The plot deals with a very troubled family.  Single mom Charlene (Robyn Gabrielle Lee) writes erotica for a living, slipping into a trance as she pounds out scripts on her tabletop while dealing with issues involving her two children--rebellious teen "Layla" (Niki Mejia) and withdrawn bookish Calvin (Jason Caceres).  Other than Charlene's job perhaps this seems in anything very ordinary, yes?  No!  For one thing, two other characters share the stage with Charlene, seemingly unseen by her offspring.  Voice Over (My-Ishia Cason-Brown) and The Voice (Stephen Tyler Howell) appear at first to be Charlene's muses.  They even look like avatars of glamorous danger laced with lust.  As she composes, they provide the words, very nearly acting out the emotions described.

It cannot be that simple, though.  For one thing, sometimes Layla and Calvin see or hear them--but when they do, no one else does.  More, sometimes they offer advice--especially when Charlene's drunken ex-husband shows up in a rage over the restraining order she's had issued.  Clyde (Thaddeus Shafer) frankly embodies almost ever single stereotype of what used to be called a Male Chauvinist Pig. He self-righteously proclaims the most crude of gender roles, feels entitled to his wife's respect after doing all he can to lose it, thinks his violence should be instantly forgiven because he apologizes and sees all women purely in terms of sex.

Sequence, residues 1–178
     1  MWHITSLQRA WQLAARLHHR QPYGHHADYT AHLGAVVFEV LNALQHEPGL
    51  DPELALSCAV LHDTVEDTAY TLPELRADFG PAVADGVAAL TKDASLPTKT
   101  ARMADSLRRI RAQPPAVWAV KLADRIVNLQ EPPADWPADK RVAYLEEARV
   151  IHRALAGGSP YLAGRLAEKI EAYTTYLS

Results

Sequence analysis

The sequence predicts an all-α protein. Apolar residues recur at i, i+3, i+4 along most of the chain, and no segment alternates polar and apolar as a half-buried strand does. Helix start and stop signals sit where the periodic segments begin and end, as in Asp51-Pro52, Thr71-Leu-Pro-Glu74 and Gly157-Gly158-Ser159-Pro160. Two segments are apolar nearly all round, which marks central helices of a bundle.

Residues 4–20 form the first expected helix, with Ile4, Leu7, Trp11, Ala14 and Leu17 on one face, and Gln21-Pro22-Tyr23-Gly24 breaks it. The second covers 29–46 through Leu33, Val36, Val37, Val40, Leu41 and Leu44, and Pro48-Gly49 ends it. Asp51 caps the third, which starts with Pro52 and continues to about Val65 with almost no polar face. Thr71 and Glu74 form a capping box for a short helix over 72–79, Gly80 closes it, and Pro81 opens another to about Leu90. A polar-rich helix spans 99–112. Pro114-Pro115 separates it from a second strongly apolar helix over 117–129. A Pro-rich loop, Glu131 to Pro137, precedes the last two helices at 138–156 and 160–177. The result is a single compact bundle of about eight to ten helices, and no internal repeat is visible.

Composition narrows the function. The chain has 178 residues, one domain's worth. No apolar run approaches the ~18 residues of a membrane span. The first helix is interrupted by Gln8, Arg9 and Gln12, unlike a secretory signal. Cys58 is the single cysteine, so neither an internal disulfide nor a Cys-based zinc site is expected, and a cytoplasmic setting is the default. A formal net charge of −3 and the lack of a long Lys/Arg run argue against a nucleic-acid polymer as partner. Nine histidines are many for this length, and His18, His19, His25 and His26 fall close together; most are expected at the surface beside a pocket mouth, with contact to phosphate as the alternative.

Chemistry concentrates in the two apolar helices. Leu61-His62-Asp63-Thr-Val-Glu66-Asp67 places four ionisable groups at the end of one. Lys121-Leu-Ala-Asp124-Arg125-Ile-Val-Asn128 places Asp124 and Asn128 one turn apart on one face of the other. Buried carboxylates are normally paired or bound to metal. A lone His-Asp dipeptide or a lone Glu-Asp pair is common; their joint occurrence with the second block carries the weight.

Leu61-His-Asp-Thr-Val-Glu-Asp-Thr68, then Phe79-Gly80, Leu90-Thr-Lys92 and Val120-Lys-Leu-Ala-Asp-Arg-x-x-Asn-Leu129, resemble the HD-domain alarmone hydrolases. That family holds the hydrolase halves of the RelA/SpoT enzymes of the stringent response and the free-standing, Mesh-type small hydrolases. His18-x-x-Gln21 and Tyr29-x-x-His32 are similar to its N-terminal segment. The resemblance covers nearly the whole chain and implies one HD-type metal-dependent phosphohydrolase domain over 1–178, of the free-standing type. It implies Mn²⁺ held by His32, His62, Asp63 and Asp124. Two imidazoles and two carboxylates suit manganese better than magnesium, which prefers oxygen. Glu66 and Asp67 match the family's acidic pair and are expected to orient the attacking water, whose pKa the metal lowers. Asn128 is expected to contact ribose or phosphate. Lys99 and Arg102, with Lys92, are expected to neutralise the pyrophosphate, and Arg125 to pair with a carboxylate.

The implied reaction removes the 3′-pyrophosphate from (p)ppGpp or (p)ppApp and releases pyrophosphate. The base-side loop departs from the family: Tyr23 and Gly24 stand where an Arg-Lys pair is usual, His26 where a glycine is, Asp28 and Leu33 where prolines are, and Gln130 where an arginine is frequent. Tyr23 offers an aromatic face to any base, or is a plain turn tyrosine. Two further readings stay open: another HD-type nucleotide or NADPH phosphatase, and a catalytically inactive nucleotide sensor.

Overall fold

Except--he isn't just a set of stereotypes.  Really.  The man has issues, sure, but his pain is real.  So too the connection with Charlene.  It is there, we see it.

Honestly, that is almost the least disturbing of many threads of desire and complexity explored in this family, with hints of incestuous desires for example (from and in directions you might not expect) and also the kind of primal sexual feelings over which we have little enough control--yet for which our society alternately condemns and fetishizes.